SDF 2020: Architect Kai-Uwe Bergmann Delivers Keynote Speech
by Miranda Blazeby
Cutting edge design focused on sustainability will be key in a future defined by a changing climate, revolutionary architect Kai-Uwe Bergmann has said.
Speaking at BOAT International’sSuperyacht Design Festival, Bergmann revealed that the UN has commissioned his firm BIG Architects to create the concept of a “floating city” as it prepares for a future of “climate refugees”.
The concept caters for a population of 10,000 people and sees remote floating houses built on pontoons serviced by technology including “wind turbines and hydroponics,” Bergmann said.
“The UN came to us and asked us to consider that in the future, when Pacific Islanders are losing their habitats and their homes, there needs perhaps to be an alternative because there will truly be climate refugees looking for places to move,” Bergmann said at the event.
The floating city builds on a project already completed by Bergmann’s firm, which saw three floating shipping containers repurposed into 12 trendy student apartment dorms in Copenhagen.
“Imagine that floating dorm on the scale of a city,” he said.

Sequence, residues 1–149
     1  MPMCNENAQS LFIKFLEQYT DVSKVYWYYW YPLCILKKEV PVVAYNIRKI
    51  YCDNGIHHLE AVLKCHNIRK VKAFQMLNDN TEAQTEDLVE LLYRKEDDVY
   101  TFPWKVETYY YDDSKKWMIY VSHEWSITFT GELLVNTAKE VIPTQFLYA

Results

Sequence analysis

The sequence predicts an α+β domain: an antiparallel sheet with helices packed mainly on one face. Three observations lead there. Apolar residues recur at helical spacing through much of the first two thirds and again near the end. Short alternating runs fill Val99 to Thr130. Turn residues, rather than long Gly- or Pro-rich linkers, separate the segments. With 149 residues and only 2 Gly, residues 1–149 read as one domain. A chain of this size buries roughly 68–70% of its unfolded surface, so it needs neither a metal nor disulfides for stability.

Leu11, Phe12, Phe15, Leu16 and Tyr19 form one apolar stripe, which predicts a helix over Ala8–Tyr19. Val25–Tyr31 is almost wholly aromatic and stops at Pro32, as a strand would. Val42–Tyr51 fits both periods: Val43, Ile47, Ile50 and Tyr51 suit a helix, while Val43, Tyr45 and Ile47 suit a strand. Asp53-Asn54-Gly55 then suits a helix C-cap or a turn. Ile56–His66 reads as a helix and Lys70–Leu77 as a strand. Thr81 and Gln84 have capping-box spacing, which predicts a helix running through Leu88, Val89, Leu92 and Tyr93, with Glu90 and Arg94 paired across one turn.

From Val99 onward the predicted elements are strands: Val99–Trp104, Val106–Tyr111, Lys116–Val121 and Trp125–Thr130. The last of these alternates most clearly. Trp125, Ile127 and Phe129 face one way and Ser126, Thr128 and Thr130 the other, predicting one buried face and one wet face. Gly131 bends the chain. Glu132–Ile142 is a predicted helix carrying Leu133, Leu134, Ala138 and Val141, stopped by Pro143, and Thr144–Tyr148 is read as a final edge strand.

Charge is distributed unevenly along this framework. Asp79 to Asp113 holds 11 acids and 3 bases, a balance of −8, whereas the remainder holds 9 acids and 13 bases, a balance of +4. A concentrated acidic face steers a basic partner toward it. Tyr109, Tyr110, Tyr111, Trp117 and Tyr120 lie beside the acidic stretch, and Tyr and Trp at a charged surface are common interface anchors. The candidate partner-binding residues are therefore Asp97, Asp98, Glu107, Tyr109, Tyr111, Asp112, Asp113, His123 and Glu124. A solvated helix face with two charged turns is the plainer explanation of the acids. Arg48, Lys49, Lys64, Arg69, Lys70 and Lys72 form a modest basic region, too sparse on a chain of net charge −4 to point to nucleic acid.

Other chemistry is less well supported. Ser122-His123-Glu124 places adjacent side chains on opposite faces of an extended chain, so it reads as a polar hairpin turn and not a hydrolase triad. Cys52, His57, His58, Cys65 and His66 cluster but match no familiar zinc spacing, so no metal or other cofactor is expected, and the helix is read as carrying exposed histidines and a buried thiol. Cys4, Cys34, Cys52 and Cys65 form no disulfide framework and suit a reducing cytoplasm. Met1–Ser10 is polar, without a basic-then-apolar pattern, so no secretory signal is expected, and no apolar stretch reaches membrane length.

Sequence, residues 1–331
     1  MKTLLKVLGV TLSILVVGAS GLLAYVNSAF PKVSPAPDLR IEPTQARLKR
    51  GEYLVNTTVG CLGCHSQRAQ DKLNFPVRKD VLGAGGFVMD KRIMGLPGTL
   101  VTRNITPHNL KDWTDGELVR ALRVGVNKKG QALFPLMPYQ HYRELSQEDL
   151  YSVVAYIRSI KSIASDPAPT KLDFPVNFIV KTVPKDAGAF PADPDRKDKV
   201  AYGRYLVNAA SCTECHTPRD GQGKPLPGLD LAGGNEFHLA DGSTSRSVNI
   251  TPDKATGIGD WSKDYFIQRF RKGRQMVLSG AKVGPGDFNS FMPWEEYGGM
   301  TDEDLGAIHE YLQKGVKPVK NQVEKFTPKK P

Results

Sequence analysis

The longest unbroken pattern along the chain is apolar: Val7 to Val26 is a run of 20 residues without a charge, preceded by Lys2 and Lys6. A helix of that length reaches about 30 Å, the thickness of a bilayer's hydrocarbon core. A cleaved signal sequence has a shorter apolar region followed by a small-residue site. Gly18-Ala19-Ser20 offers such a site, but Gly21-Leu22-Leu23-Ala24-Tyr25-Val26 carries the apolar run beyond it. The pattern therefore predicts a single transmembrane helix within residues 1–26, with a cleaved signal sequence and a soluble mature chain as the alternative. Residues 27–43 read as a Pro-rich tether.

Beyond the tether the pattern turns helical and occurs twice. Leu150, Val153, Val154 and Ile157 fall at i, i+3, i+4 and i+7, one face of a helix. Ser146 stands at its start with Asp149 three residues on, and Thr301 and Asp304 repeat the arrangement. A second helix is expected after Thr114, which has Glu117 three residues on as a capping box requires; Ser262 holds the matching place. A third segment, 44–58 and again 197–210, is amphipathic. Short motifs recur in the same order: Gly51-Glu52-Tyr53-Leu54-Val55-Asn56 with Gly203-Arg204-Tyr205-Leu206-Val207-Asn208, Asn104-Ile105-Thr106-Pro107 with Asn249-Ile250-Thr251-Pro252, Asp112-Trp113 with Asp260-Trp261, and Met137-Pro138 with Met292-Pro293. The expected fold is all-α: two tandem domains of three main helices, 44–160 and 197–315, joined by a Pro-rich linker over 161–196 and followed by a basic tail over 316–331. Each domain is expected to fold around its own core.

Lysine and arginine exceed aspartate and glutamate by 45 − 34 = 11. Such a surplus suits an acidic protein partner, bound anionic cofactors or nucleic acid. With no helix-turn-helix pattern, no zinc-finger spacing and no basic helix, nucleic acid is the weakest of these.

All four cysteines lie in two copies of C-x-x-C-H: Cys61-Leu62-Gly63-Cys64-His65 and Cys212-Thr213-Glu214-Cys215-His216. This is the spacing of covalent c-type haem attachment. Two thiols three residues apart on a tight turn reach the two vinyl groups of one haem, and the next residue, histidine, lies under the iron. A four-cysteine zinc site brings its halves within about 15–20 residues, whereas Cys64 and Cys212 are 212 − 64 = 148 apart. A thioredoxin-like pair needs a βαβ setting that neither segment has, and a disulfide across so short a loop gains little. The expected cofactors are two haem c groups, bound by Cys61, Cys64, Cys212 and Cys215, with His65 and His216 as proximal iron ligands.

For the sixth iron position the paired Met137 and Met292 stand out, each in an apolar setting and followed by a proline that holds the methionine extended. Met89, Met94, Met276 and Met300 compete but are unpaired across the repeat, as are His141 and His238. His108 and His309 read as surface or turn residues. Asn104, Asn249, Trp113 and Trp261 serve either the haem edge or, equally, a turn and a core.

It is not clear when or if construction will begin on the floating city concept, but Bergmann warned that it was not simply a “pipe dream”.
“Believe it or not, the UN is committed to actually designing the first prototypes of this to find how we can address these issues of climate change,” he said. “It’s a real honour to be asked to do this.”
BIG has also been commissioned to create a design solution that protects Manhattan against rising sea levels. The commission comes in the wake of Hurricane Sandy, which caused $20 billion of damage to the city in 2012, and rising water levels taking effect across the globe.
“Ninety per cent of Miami Beach is affected by a two to three-foot rise in water. Just last month in Venice [when the city experienced historic flooding] you can see that the city is truly suffering as well.”
Bergmann's solution in Manhattan is The Big U; a park system which stretches 10 miles along the coastline and is intended to be “enjoyed and used every day”.
“As opposed to thinking about it as an engineering exercise and just building sea walls, we wanted to make sure that the people and their activities were not lost so we thought about how to integrate what the people want as well as what the city needed,” Bergmann said.
The funded project is underway, with construction beginning this year on the first 2.5 miles.
Bergmann drew parallels between cutting edge architectural design and superyacht design, arguing that both now place sustainability front and centre.
“The yacht industry is dealing with a lot of the issues that we are – ecological and sustainable approaches to design,” he said.
He highlighted superyacht designer Philippe Starck as one of the industry's revolutionary designers.
"He’s one of those designers that’s been able to bridge from architectural work into yacht design," he said. "Starck's designs are almost like portraits of the clients that they are made for."